Reframe your self-sabotaging beliefs. For example, if you tell yourself that you’re not good enough, reframe it as “I’m doing my best, and that’s good enough.”
If you tell yourself that you can’t do it, reframe it as “I can try, and if I fail, I’ll learn from it.”
Use affirmations to counter self-sabotaging beliefs. For example, if you tell yourself, “I am worthy of success,” “I can achieve my goals,” or “I am loved,” you’re training your mind to focus on positive thoughts instead of negative ones. Affirmations have been used for years to overcome challenges.
Take action despite your self-sabotaging beliefs. For example, if you want to start your own business but you’re afraid of failing, take some small steps towards your goal. You can start by researching businesses in your field or networking with people who have started their businesses.
By taking action, you’re proving to yourself that your self-sabotaging beliefs are wrong.
Seek growth, not perfection.
The best way to prevent self-sabotaging beliefs from taking over your life is to develop a healthy mindset. A healthy mindset focuses on growth, not perfection. We’ve all heard, “it’s the journey, not the destination.” Reflect on how much you have grown, and how much you have yet to grow.
It’s important to recognize we all make mistakes, and that failure is a part of life. None of us are perfect, and all of us are on a path of our own. Failure is a part of learning and growing. Instead of beating yourself up over your mistakes, learn from them and move on.
Practice self-compassion. Be kind and understanding towards yourself, even when you make mistakes. Be patient with yourself. Allow yourself space and time to grow and learn. It also means recognizing that we all have flaws and are all doing the best we can with what we have.
Finally, it’s important to surround yourself with positive people. They will help you see the good in yourself. They’ll also help you stay motivated and focused on your goals.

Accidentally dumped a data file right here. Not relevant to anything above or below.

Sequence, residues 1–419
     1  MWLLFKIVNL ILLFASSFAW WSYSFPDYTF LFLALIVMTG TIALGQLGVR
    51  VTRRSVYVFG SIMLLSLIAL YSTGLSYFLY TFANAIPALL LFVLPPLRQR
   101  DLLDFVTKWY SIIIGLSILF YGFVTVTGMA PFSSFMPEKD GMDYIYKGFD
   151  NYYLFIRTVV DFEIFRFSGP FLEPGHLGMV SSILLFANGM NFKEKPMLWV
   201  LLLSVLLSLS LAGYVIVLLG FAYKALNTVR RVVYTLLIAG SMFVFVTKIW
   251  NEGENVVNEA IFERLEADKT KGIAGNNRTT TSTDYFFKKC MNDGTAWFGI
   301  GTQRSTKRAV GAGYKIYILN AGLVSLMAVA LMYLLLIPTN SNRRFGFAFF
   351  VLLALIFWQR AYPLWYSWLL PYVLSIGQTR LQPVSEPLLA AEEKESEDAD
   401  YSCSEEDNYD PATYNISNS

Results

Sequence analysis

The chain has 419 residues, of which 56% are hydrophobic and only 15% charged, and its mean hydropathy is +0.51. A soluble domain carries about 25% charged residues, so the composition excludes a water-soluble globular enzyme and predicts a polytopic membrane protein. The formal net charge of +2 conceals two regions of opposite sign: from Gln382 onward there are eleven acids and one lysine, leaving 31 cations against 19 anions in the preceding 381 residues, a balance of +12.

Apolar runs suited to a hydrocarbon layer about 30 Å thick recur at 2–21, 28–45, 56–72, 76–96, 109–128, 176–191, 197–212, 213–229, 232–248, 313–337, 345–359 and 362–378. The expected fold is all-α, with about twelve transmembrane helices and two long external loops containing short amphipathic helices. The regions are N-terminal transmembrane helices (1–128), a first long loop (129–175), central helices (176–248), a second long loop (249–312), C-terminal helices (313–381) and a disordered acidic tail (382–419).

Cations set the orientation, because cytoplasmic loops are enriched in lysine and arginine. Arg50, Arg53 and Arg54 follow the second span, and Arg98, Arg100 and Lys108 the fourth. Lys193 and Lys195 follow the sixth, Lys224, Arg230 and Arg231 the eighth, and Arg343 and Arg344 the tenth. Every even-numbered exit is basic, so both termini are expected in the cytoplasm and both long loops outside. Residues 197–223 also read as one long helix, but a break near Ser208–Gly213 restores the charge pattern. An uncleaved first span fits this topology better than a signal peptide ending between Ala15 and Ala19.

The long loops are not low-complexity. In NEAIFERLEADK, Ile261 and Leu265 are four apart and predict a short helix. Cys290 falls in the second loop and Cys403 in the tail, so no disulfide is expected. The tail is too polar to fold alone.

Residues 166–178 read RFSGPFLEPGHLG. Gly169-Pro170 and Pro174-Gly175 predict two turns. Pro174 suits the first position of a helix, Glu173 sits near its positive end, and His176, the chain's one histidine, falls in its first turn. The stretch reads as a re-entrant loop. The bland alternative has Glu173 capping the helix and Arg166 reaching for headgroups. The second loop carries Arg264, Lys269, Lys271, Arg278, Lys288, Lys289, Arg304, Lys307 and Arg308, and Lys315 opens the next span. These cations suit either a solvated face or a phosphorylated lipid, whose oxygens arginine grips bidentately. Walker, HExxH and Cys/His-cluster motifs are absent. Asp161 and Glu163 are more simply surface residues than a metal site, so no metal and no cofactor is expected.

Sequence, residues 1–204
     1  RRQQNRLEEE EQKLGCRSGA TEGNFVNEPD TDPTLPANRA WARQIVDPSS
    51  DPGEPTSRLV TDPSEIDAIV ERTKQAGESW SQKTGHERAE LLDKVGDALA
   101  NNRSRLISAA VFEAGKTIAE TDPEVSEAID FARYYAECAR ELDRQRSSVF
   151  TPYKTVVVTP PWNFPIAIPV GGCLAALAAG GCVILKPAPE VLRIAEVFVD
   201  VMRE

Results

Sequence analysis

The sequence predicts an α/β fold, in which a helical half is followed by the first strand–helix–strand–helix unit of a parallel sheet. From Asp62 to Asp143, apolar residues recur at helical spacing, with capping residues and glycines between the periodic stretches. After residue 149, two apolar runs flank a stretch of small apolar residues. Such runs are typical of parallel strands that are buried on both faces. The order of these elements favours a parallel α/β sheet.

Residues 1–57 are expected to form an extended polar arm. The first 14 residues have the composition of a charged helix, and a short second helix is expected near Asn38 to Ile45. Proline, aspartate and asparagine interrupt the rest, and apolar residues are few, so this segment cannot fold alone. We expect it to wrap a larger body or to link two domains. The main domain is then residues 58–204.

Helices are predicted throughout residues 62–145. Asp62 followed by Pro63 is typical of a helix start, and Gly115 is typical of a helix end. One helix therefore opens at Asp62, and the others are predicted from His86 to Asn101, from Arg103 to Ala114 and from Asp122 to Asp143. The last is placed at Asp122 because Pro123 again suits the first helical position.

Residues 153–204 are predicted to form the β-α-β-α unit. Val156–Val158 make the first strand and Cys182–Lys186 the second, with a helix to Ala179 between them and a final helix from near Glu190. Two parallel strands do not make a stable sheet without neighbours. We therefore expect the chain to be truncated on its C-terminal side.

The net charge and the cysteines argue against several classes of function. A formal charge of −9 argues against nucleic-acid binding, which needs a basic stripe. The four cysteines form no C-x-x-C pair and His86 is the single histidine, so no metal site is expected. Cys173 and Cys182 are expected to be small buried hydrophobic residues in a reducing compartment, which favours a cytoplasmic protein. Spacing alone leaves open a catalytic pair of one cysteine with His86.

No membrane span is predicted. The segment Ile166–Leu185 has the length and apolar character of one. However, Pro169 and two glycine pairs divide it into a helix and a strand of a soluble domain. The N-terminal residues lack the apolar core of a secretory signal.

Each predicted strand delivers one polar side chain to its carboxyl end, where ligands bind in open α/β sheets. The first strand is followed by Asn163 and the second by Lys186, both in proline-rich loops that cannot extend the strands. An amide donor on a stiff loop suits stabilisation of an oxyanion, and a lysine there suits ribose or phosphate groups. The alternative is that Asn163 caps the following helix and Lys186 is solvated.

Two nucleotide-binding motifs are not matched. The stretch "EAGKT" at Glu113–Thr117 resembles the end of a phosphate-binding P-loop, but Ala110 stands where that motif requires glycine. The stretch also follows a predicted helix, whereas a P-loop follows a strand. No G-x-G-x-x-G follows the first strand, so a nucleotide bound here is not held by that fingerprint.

Self-sabotaging beliefs can hold you back from living your best life. But once you identify them, you can deal with them by challenging your negative self-talk, reframing your beliefs, and using affirmations to exercise self-compassion and support.
Focus on growth, and not perfection. Think of how far you have come, the obstacles you faced, and survived. Think of all you have learned, and all you have accomplished, set goals for future accomplishments, and take actions for further growth.
By taking these steps, you’ll be ready for a personal renaissance. And as you grow, and we all grow, our communities will begin to reflect our dreams.
We’re slowly building our Two-Lane Renaissance. We re-activated the twolanelivin.com domain name in November, writer Robin Holstein joined me this spring, and most recently, she and I have been joined by Michele Savaunah Zirkle, whose first piece “Deep the Mountain,” has been received very well so far by our readers.
We are happy to share local news, events, artwork, writing, and updates. Press releases are welcome, however, may or may not be shared with our audience.
We are accepting submissions and new columnists. We’re seeking topics and writers to encourage, empower, and report upon the renaissance of central West Virginia and Appalachia entire. Our culture has endured cultural negative talk for generations, called “Hillbilly,” and “Redneck,” and dismissed as backward and uneducated. But we all have voices to be raised and shared, and we’re seeking yours.
Do you know someone who could benefit from this post? Feel free to share it:
Are you enjoying our newsletter and online e-zine? Please share it with your friends and family.